Realizing that I’ve dropped the ball on getting her enrolled somewhere, I’ve started the process of trying to find her a spot at one of the preschools near us, but I only started that this week. We can’t afford to pay for a spot somewhere so I’m trying to find an opening at a free program, and that’s been proving difficult. Programs are either near capacity already (and giving preference to certain kids using criteria that wouldn’t fit my child) or not calling me back. I’m finding myself feeling frustrated.

Preschool should really be provided through public school for free, in my opinion. It’s not, though, so I’m stuck trying to figure out what the hell I’m going to do.

Lesson learned: don’t wait until the last minute with the other two.

Things Parenting Books Don’t Teach

When you have children, there will be moments during their lives where you are caught completely unprepared. It doesn’t matter how many times you’ve thought about the situation you find yourself in, it doesn’t matter how many people have offered you advice, it doesn’t matter what books you’ve read, it doesn’t matter if you’ve even been through it before…

It will catch you off guard.

I’m fairly lucky. While some of my friends have had to deal with illness after illness it seems, my kids have rarely gotten sick – at least, until very recently. R recently spent some time in the emergency room for a high fever, body aches, chills, and general fatigue. Something viral, we were told, most likely the flu.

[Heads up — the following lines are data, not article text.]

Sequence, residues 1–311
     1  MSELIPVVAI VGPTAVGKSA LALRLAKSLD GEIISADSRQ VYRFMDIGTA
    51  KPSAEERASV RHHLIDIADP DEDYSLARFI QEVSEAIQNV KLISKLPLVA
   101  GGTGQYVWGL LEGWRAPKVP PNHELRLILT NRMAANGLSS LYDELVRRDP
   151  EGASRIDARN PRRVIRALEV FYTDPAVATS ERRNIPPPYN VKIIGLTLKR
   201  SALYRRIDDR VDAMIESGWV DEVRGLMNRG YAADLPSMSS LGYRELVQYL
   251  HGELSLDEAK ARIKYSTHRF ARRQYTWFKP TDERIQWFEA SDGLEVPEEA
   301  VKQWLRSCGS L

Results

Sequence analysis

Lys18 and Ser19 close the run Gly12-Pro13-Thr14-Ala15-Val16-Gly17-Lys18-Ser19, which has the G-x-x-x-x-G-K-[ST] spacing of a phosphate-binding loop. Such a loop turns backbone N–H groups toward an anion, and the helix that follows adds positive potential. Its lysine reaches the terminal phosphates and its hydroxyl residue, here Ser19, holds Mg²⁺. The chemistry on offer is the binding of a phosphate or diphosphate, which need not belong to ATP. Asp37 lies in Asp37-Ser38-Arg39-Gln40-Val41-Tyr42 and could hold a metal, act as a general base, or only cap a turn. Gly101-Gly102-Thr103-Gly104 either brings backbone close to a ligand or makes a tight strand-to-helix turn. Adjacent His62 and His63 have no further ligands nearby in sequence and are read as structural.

Tonight, at 2am, I woke up because I noticed one of the lights was on in the bathroom, which was pretty unusual. R still wears pull-ups to bed, but the best I could guess was she had gotten up to use the bathroom at some point. E needed a bottle anyway, as she had just woken up, so I got out of bed to take care of the light, use the bathroom, make a bottle, and turn the heat up.

As I was washing my hands in the bathroom, I heard a little voice at the door. “Mom, what you doing?”

I opened it to find R standing there. I told her I had to go potty and it was time to go back to bed. Just as she was asking me for some water, it happened. My worst nightmare. It was honestly the one thing that I have been dreading since R was born just over four years ago.

She vomited. Everywhere. All over my brand new carpet.

My half-asleep brain started to panic and I called for my husband. My inability to keep calm, of course, upset my daughter too. He came running out into the hallway to find the mess, just in time for me to attempt to get her into the shower, just as she began getting sick again.

More vomit. All over my bathroom.

She was crying, I was panicking, trying to figure out what to clean next. My husband was trying to calm her down and get her cleaned up.

Almost forty minutes later, R had been cleaned up and plopped onto the couch with a bucket, a movie, and a glass of water. I had managed to clean half the bathroom floor and all of the carpet in the hallway. My husband cleaned up the other half of the bathroom and the child, and then threw a bunch of vomit-covered things into the wash.

Nothing prepared me for this. Even arming myself with the knowledge that I would eventually have to deal with a sick child didn’t prepare me for the scene I had to deal with tonight.

As parents, there will always be things we’re good at and things we’re not good at. For me, dealing with projectile vomit at 2am is not exactly something I’m well suited for, but I’m thankful to have a partner who’s willing to spring into action with me and help me clean up some of it too. I’m twenty-nine weeks pregnant, exhausted, and so grateful that I didn’t have to deal with this by myself.

Husband: if you ever read this, know that I love you. Truly. I don’t know how I would have gotten through tonight without you.

Meanwhile, in spite of all of the commotion, somehow my dear, sweet toddler managed to sleep through everything. What a time for her to start sleeping through the night.